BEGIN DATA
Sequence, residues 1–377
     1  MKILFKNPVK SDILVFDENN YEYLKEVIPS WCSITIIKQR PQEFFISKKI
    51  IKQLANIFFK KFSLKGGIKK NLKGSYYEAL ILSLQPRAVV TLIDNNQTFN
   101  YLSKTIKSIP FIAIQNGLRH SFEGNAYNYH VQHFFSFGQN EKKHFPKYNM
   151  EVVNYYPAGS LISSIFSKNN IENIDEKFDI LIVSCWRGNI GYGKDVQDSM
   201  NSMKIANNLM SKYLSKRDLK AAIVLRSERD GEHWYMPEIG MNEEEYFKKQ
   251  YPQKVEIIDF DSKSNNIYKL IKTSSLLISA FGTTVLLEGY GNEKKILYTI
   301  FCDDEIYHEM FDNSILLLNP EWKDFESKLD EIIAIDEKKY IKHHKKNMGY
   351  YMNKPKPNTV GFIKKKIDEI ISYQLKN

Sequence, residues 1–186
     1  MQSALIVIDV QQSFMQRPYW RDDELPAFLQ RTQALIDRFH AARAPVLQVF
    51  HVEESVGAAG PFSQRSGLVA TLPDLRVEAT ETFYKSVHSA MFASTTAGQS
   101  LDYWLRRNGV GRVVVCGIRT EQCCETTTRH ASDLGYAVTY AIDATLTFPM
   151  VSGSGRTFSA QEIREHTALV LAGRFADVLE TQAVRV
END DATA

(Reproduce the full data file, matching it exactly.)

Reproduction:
Sequence, residues 1–377
     1  MKILFKNPVK SDILVFDENN YEYLKEVIPS WCSITIIKQR PQEFFISKKI
    51  IKQLANIFFK KFSLKGGIKK NLKGSYYEAL ILSLQPRAVV TLIDNNQTFN
   101  YLSKTIKSIP FIAIQNGLRH SFEGNAYNYH VQHFFSFGQN EKKHFPKYNM
   151  EVVNYYPAGS LISSIFSKNN IENIDEKFDI LIVSCWRGNI GYGKDVQDSM
   201  NSMKIANNLM SKYLSKRDLK AAIVLRSERD GEHWYMPEIG MNEEEYFKKQ
   251  YPQKVEIIDF DSKSNNIYKL IKTSSLLISA FGTTVLLEGY GNEKKILYTI
   301  FCDDEIYHEM FDNSILLLNP EWKDFESKLD EIIAIDEKKY IKHHKKNMGY
   351  YMNKPKPNTV GFIKKKIDEI ISYQLKN

Sequence, residues 1–186
     1  MQSALIVIDV QQSFMQRPYW RDDELPAFLQ RTQALIDRFH AARAPVLQVF
    51  HVEESVGAAG PFSQRSGLVA TLPDLRVEAT ETFYKSVHSA MFASTTAGQS
   101  LDYWLRRNGV GRVVVCGIRT EQCCETTTRH ASDLGYAVTY AIDATLTFPM
   151  VSGSGRTFSA QEIREHTALV LAGRFADVLE TQAVRV